USA Football stands behind the efficacy of Heads Up Football because we have nothing else to offer to make football safer. We are proud that nearly 70 percent of youth football organizations and a growing number of high schools have  joined us (been hoodwinked into) in working toward a better, safer game (which there is evidence in the study that HeadsUp alone cannot provide).

***

Allow me to reinforce (repeat) the facts that demonstrate the impact and value of Heads Up Football.

FACT: We believe in this program – THIS IS NOT A FACT, it is a desperate belief we are clinging to despite the facts

Heads Up Football is an important football safety program, and it is having a positive effect on youth organizations and high school programs nationwide.

FACT: USA Football is changing behavior for the better – NOT A FACT 

Through the program, coaches learn not only how to teach proper fundamentals and techniques but how to communicate with players and parents in order to foster a positive football experience (Coaches learn to talk to kids?).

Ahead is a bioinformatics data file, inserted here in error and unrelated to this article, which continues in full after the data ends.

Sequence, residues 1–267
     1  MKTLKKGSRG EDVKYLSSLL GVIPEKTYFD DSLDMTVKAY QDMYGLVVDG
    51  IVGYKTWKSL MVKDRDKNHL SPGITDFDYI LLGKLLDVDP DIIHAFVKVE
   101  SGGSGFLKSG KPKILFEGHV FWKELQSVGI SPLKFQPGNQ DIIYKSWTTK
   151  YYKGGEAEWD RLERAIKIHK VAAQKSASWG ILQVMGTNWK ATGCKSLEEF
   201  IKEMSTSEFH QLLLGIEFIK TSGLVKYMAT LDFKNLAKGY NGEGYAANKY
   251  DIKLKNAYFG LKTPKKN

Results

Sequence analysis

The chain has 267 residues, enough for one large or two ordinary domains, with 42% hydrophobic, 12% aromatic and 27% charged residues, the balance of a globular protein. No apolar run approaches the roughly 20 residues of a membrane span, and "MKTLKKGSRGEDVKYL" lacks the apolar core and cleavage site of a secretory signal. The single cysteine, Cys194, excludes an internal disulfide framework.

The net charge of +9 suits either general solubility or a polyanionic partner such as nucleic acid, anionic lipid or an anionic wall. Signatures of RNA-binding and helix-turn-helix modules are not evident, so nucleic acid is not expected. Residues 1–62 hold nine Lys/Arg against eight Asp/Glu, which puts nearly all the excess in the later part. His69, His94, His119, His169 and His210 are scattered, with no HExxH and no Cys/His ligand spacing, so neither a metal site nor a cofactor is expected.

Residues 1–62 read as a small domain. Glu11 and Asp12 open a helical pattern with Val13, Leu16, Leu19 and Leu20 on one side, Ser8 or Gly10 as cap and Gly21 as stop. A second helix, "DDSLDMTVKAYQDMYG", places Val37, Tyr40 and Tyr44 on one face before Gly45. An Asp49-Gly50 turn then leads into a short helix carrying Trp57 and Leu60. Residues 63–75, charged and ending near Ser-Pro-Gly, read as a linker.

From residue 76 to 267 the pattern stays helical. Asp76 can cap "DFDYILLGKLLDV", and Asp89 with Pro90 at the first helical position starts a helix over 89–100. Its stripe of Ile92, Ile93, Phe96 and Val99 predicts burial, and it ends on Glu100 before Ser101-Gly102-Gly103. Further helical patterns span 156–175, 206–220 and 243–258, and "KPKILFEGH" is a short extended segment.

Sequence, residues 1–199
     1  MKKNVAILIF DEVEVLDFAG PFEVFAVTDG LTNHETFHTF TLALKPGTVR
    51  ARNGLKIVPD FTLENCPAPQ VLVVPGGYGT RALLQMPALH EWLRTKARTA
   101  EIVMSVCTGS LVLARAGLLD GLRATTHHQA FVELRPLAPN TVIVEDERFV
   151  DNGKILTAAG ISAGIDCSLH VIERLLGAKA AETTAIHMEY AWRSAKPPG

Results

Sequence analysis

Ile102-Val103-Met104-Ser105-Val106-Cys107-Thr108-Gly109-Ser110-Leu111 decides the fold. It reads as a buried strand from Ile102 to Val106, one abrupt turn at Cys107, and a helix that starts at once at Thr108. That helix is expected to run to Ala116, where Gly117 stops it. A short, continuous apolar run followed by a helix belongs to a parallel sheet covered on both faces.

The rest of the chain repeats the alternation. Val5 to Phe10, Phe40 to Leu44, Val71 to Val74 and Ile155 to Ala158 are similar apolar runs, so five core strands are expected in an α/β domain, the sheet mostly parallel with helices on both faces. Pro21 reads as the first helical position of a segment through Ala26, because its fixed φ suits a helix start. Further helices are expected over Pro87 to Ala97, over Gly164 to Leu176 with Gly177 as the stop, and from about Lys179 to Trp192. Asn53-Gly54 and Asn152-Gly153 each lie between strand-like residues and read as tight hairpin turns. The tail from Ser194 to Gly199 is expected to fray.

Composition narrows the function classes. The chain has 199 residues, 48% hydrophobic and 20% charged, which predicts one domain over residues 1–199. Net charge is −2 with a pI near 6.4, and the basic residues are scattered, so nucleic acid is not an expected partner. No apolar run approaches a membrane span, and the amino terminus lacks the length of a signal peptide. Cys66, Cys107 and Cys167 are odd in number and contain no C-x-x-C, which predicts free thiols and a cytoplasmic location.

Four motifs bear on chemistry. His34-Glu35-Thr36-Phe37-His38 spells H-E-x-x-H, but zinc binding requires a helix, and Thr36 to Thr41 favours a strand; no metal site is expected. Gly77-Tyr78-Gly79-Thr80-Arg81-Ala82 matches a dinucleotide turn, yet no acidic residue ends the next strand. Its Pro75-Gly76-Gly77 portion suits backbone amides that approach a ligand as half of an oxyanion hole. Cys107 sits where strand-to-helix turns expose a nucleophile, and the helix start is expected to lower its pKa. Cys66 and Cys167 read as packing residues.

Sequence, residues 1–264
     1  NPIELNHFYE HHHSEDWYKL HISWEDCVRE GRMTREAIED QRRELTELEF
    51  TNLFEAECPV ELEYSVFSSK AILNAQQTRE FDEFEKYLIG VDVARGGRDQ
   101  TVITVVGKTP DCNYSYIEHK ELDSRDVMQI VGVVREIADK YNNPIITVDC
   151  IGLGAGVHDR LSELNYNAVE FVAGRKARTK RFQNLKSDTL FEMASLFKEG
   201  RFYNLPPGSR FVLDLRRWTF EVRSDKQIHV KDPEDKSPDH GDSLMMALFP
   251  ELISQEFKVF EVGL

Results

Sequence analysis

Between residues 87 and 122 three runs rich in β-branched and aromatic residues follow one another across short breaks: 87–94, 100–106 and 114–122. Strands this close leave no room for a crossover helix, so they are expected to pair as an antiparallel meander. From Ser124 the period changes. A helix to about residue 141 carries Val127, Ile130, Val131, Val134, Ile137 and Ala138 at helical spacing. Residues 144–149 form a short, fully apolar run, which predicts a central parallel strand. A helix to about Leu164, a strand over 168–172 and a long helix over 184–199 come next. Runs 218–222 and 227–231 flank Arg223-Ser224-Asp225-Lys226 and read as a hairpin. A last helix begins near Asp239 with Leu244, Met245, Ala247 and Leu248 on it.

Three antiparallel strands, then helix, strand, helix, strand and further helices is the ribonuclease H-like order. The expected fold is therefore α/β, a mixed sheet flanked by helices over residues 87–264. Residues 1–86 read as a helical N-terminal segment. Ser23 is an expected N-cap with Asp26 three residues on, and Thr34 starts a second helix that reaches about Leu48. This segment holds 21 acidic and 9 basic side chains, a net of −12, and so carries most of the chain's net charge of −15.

Before Heads Up Football, there was no national focus on teaching and training football coaches, parents and players on concussion recognition and response, heat preparedness and hydration, equipment fitting, sudden cardiac arrest, Heads Up Tackling and Heads Up Blocking. (This only should be under the category of crimes that until 2013 NONE OF THESE ISSUES were addresses by USA Football). This has led to hundreds of thousands of coaches being trained in the highest standards in the sport, resulting in a safer and more positive environment for the players.

FACT: Heads Up Football is more than tackling – (important to point out since it doesn’t reduce head injuries)

This program delivers the sport’s highest standards (sad this is the best we can do) on all-player football fundamentals and mechanics (with the decades old ploy of setting up “proper way to play” to then be able blame kids for their injuries if they get hurt because they didn’t use proper technique) alongside important health and safety components.